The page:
Clojure: Loop, Iteration

By Xah Lee. Date: . Last updated: .

Here's basic functions related to iteration:

(for [i (range 7)] (inc i)) ; (1 2 3 4 5 6 7)

clojure.core/range clojure.core/inc


A function that calls itself is called recursion.

In a function definition, If a function calls itself as exit, then such recursion is called tail recursion or linear recursion.

Linear recursion is not nested in nature. You can think of it as “pass and forget”.

What is the difference between tail-recursion and non-tail-recursion?

Tail recursion can be trivially expressed as iteration or linear loop.

In programing languages, some programing language automatically compile tail-recursion into a iteration. (so that, it saves memory, avoiding stackoverflow, etc.) Scheme (programming language) is the language most famous for enforcing the tail-recursion optimization into its compiler, by spec.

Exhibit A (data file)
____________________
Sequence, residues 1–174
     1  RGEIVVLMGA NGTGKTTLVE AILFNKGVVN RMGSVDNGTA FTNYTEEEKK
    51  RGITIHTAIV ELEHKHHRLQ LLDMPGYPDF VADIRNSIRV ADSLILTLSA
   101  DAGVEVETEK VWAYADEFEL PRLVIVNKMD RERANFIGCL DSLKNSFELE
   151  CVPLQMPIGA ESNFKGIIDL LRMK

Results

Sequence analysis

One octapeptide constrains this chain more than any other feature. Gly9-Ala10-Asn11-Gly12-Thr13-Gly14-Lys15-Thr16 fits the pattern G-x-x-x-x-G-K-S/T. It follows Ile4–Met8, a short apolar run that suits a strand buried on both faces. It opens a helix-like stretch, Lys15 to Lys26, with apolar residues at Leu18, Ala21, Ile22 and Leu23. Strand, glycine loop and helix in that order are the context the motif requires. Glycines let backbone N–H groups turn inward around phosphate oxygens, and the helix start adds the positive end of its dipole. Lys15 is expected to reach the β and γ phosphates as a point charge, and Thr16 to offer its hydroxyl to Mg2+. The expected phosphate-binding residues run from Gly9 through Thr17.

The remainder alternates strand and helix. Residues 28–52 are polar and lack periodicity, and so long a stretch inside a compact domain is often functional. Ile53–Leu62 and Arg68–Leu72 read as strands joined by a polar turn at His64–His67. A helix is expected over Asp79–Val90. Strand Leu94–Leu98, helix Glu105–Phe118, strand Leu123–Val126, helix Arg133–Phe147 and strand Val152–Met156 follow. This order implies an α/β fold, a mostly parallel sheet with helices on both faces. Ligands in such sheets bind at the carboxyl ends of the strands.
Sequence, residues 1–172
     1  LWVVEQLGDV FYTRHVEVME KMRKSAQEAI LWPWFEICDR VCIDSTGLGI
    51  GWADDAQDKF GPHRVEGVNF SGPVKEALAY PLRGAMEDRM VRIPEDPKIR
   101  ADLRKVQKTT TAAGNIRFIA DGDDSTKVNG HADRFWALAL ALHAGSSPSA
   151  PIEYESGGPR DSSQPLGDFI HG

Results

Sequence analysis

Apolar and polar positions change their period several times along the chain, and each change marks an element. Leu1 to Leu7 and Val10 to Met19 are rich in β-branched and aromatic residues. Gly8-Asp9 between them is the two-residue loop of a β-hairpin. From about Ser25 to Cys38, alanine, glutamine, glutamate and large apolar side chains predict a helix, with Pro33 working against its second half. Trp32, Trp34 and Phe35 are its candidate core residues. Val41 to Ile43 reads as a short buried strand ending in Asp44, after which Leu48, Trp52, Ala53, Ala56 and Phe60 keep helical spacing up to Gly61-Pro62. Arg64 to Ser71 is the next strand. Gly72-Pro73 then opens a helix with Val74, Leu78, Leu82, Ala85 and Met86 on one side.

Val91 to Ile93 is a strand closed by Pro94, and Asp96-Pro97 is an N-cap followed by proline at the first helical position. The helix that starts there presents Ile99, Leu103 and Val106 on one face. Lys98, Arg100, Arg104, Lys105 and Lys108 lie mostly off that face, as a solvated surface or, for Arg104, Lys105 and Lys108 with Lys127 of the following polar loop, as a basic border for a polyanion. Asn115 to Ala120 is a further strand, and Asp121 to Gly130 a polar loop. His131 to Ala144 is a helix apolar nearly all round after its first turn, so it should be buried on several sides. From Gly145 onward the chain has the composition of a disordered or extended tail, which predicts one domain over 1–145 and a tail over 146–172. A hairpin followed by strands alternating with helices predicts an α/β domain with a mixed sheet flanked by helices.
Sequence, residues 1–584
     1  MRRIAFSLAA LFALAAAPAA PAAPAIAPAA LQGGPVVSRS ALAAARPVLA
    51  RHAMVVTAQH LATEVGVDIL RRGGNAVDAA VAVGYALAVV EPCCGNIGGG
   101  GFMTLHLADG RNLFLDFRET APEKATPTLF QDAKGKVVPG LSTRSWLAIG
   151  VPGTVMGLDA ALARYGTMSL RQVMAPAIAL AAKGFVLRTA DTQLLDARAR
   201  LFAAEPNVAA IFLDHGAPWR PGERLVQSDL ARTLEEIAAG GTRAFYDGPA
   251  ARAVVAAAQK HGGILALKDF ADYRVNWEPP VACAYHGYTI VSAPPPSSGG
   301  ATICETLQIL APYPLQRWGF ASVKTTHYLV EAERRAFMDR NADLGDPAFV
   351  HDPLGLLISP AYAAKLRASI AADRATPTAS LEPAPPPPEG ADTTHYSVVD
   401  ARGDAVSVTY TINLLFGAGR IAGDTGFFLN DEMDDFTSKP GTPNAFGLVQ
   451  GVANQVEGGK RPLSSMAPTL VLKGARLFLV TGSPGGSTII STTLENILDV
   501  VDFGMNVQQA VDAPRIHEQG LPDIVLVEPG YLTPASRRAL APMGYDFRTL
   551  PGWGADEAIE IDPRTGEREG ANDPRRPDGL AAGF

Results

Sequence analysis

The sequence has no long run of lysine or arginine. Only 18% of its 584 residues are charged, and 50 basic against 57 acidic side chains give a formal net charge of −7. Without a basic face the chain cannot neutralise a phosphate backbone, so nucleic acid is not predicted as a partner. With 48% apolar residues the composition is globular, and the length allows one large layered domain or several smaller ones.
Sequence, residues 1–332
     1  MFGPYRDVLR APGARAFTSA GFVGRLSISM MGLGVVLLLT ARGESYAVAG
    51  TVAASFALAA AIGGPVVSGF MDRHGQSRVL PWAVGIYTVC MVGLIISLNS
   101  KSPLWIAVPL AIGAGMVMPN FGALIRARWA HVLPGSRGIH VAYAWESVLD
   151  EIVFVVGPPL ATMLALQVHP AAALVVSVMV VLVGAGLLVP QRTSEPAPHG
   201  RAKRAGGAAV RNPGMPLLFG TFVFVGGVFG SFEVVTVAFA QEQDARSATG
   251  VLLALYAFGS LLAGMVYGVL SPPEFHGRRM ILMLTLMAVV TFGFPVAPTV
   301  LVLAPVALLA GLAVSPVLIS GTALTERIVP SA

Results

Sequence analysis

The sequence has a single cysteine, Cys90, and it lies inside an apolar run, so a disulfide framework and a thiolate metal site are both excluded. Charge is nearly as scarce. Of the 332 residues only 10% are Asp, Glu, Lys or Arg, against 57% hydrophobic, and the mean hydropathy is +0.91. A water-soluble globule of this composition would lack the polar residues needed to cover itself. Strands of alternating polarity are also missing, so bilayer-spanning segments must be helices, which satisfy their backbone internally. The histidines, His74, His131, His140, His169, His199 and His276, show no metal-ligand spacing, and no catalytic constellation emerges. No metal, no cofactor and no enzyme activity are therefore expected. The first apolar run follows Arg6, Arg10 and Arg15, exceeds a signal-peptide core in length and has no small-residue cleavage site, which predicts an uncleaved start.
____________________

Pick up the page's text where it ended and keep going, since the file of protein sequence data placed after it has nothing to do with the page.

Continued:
Clojure supports recursion. That is, function can call itself.

Clojure also supports manual tail-recursion using recur. That is, the compiler optimize recursion that's linear into a iteration-like construct.

If the recursion is linear recursion, than you can call recur at the place you want to call function itself. The advantage is that there'll be no limit on recursion depth.